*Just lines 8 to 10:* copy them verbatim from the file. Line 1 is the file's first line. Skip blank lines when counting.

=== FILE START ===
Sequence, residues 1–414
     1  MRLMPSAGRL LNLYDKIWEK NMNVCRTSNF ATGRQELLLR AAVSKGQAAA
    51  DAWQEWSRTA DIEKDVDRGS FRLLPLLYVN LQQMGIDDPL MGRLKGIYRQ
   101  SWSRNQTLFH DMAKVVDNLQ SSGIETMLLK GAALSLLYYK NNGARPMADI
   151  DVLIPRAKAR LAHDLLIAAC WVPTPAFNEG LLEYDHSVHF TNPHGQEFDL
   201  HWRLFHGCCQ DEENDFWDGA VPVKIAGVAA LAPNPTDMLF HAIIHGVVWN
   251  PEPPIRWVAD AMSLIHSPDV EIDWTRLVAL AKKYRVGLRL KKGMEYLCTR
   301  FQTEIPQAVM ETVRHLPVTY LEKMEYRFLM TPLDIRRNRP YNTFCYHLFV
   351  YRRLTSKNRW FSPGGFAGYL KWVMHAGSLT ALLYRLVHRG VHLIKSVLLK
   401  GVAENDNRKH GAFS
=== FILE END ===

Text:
   301  FQTEIPQAVM ETVRHLPVTY LEKMEYRFLM TPLDIRRNRP YNTFCYHLFV
   351  YRRLTSKNRW FSPGGFAGYL KWVMHAGSLT ALLYRLVHRG VHLIKSVLLK
   401  GVAENDNRKH GAFS